Approximately two thirds of these survivors were caught in the dust and debris cloud created by the collapse of the WTC towers, approximately two thirds experienced three or more potentially psychologically traumatizing events, and approximately 40% reported sustaining an injury. A high prevalence of self-reported new or worsening respiratory problems and some nonrespiratory problems was identified, including heartburn and severe headaches after September 11. In addition, approximately 10% of survivors had probable SPD 2--3 years after the event. The experience of being caught in the dust and debris cloud was substantially associated with most of the self-reported physical and mental health outcomes. Time of evacuation and type of building damage (whether collapsed or damaged) were less consistently associated with these outcomes. The relation between exposures and physical health were not confounded by reported level of psychological distress or mode of recruitment (list versus self-identification), as indicated by minimal change in the direction or magnitude of AORs.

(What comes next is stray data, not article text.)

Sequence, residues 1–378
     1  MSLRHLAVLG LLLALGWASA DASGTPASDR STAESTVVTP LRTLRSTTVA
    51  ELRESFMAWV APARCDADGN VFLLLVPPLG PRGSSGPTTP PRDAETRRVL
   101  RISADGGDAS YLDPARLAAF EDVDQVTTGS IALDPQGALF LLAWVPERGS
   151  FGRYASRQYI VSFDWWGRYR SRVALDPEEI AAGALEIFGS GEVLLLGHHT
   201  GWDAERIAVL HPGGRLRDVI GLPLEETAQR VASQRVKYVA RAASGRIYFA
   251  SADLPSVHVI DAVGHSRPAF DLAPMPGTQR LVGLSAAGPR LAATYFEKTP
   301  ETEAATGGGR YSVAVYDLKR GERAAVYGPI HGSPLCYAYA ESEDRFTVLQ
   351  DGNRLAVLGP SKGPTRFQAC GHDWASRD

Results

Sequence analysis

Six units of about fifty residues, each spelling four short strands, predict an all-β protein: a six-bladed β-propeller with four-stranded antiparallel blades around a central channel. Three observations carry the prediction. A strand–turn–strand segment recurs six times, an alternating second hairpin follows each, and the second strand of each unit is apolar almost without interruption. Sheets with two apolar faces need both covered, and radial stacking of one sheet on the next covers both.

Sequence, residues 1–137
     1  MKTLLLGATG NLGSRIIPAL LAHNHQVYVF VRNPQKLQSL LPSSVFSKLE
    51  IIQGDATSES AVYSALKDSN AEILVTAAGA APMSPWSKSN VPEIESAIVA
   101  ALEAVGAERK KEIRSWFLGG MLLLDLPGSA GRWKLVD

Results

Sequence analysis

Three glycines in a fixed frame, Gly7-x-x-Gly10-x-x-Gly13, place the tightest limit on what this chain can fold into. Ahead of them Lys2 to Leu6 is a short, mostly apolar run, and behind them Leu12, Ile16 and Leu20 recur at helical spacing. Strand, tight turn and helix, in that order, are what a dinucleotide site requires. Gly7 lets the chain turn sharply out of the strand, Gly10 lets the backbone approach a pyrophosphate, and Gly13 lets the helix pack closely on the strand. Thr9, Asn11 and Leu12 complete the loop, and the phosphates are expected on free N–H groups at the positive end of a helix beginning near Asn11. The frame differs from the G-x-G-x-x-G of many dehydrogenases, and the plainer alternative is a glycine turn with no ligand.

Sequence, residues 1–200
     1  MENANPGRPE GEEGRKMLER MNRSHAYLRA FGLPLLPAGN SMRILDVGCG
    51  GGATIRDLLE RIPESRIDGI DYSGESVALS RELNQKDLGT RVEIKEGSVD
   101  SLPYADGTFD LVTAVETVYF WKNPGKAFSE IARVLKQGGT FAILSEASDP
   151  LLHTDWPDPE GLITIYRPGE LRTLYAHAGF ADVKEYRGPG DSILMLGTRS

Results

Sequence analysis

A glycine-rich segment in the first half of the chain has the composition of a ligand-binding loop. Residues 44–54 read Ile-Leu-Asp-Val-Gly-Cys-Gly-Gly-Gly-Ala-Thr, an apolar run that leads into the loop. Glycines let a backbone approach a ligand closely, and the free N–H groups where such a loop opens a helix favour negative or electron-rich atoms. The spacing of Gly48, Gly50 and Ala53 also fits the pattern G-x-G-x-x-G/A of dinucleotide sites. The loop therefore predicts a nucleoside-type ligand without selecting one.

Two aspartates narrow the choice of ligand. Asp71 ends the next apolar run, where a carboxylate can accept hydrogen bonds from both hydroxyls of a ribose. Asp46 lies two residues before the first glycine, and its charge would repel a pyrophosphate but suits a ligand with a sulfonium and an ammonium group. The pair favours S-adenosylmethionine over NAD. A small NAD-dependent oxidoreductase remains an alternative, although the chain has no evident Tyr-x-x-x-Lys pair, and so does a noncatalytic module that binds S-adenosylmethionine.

The association between presence in the dust and debris cloud and higher rates of injuries and respiratory symptoms among building survivors is plausible. For example, survivors could have had immediate eye irritation or injury from particles blown into their eyes when they encountered the dust and debris cloud. They might have sustained musculoskeletal injuries (e.g., strain and sprain injuries or broken bones) while stumbling, falling, and navigating their way through the dust and debris cloud. The respiratory symptoms related to WTC dust that survivors reported might have been exacerbated by the highly alkaline mix of mostly large particles (i.e., 98.0% of particles >10 µm) of concrete, glass, plastic, paper, and other building materials in the dust and debris cloud (19). This material can cause mucus membrane irritation in the upper airways of exposed persons (3).